A movie unveils the shocking truth: Racism happens.
Directed by Tim Disney
Even today, in certain parts of the country, institutional racism thrives; local police and justice departments, in an effort to nab government awards dollars, have been known to target low-income black communities so as to juke up stats.
There. Now you don’t need to see American Violet.
That doesn’t mean you shouldn’t—there are reasons you should; keep reading—but it does mean that it’s a no-holds-barred, straight-up, old-school, Stanley Kramer-type melodrama that, if it weren’t in ‘Scope, would have been obviously misdrected from its natural home in the TV movie-verse.
Nicole Beharie plays a well-meaning single mom in a small Texas town who’s inexplicably arrested during a sweep of her black housing community then prosecuted on trumped-up charges. Given the choice of a railroading plea bargain or fight against impossible odds, she sticks to her guns and is rewarded with a kindly ACLU lawyer (Tim Blake Nelson) who wants to use her case to go after the town’s smirking racist fucktwat of a district attorney (Michael O’Keefe).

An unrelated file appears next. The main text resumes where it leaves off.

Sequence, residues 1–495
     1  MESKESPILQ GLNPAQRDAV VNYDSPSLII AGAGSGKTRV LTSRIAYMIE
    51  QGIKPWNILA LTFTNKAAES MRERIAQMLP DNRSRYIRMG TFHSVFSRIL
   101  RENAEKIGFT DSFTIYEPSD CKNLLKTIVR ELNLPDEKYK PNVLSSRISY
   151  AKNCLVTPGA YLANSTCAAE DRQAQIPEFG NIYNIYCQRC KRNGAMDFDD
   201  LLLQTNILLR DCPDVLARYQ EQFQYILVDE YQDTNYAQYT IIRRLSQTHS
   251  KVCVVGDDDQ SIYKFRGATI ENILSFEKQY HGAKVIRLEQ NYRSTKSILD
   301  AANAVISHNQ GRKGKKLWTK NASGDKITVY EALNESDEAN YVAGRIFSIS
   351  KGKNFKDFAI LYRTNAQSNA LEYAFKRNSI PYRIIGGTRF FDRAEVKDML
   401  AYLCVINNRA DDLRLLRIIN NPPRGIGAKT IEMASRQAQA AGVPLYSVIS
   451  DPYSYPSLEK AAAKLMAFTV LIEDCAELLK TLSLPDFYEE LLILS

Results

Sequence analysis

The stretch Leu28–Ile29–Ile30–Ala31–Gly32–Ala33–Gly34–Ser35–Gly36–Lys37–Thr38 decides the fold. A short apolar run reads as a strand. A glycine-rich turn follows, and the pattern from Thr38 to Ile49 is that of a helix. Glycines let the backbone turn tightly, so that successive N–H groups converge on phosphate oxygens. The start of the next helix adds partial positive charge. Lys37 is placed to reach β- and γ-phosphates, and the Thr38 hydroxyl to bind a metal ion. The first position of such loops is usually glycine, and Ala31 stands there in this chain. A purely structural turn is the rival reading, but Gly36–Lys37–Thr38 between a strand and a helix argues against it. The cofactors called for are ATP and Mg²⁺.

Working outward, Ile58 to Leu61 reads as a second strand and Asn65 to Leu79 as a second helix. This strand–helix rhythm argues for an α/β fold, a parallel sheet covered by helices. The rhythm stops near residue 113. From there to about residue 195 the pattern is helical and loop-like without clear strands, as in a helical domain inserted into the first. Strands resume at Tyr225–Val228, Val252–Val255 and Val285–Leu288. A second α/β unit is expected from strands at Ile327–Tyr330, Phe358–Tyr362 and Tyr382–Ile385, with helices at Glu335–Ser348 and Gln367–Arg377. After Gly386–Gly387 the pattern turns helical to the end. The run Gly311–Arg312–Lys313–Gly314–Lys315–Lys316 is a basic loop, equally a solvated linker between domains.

No surprise this is based on a true story; it even happened against the backdrop of the Bush-v.-Gore tussle of 2000, a coincidence the film is unable to resist bringing up again and again. What American Violet has going for it is what is objectively its downfall—namely its well-played shamelessness. Director Tim Disney (yes, relation) knows how to pace his film for maximum manipulation, and the script has a satisfyingly classical structure that builds and builds while never losing grip on the toils of its heroine.
More important, Disney has that surname and can score a terrific cast—among them Alfre Woodard, Will Patton and impressive newcomer Baharie—to lend nuance to a movie that truly needs it. For roughly five seconds, American Violet hints that it might extend its focus to the whole town, showing how white-driven microcosms wrestle, messily, to modernize racially. Now would be the perfect time for that movie. American Violet isn’t it.
"Twice Born" is one too many